The OPEC and non-OPEC monitoring committee plans to focus on the group’s compliance with production targets when members gather tomorrow in Abu Dhabi. Officials say weak compliance by a number of countries, including Iraq and Nigeria, constitutes a major problem.
With the existing agreement slated to run until the first quarter of 2020, the meeting is scheduled to be relatively short — starting at 9:30am local time (5:30am GMT) and lasting some two hours, followed by a press conference. Discussions are expected to centre on compliance levels and the market outlook.
At the July ministerial conference, members said they planned to discuss alternative proposals to the five-year average inventory metric to assess the market’s balance. But this exercise now has been postponed.
Suggestions the group would consider deeper production cuts was also mooted weeks ago, when prices for international benchmark Brent fell below the $60/bl threshold. But this issue is also off the agenda.
Russian energy minister Alexander Novak, co-chair of the Joint Ministerial Monitoring Committee (JMMC) with new Saudi energy minister Prince Abdulaziz bin Salman, also nixed the idea of deeper cuts while speaking with reporters on the sidelines of the World Energy Congress (WEC).
Oman’s oil minister Mohammed bin Hamad al-Rumhy told Argus that “when the price started to drop to the high $50s, we started informally exchanging messages with each other on whether there is something urgently needed. And we even got to the point of whether we needed to have a meeting before the 12 September [JMMC] meeting.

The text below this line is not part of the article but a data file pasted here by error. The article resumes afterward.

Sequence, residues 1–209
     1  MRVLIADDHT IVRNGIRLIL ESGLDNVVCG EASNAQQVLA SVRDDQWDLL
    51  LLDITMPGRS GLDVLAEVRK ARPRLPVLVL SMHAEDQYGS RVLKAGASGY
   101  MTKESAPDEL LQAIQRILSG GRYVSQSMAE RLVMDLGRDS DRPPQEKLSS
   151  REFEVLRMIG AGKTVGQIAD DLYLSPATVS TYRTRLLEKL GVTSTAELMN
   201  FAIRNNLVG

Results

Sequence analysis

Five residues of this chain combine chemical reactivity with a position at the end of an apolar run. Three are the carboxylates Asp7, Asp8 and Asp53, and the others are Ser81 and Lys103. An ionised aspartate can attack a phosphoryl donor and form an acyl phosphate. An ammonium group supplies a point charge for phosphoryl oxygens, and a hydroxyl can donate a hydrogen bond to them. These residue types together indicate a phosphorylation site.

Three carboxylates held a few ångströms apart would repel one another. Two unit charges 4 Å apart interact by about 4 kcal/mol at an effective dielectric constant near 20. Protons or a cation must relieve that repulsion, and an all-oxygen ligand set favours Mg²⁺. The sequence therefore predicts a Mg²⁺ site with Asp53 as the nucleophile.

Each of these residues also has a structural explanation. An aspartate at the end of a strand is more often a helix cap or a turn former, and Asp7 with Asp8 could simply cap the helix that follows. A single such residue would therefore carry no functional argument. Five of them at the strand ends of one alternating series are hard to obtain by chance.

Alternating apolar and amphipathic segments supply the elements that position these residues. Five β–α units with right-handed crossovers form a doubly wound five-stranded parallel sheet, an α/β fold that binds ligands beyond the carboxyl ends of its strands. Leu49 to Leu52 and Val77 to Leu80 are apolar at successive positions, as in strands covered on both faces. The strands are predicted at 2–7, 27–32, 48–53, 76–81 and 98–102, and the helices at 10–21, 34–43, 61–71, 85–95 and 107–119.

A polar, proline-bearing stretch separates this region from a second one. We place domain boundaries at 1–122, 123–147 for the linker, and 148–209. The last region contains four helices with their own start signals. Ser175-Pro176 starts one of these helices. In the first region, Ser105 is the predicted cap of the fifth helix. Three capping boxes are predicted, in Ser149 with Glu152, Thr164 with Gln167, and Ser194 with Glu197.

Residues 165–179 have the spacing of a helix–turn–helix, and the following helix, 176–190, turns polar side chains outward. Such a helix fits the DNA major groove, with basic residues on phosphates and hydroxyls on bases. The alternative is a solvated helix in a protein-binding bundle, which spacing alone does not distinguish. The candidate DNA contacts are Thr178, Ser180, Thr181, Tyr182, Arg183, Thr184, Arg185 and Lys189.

“We said, ‘Let us wait for a few days to see what happens.’ And of course, the developments in the kingdom [Saudi Arabia], the changes, which started nearly 10 days ago, actually slowed that discussion.”
Prince Abdulaziz bin Salman was sworn in on 8 September as the kingdom’s energy minister. The new minister signalled that there would be no change in Saudi oil policy, which helped buoy prices.
Opec secretary-general Mohammed Barkindo and other delegates pointed to Iraq and Nigeria’s lack of compliance. The group’s Joint Technical Committee met today to review compliance levels but said latest monthly production data would not be available until tomorrow.
Argus estimates that the 11 Opec members participating in the Opec+ output restraint deal collectively produced 230,000 b/d below their combined target. This brought their August compliance rate to 128pc, down from a 2019 high of 158pc in July.
Iraq told reporters during the WEC that the country would cut production by October as it strives to meet its commitments.
“There will be a reduction of at least 150,000 b/d, and I have also ordered a cut on the exports,” Iraq’s oil minister Thamer Ghadhban said. Iraq pledged to cap its production at 4.51mn b/d, but the country has consistently flouted its quota.
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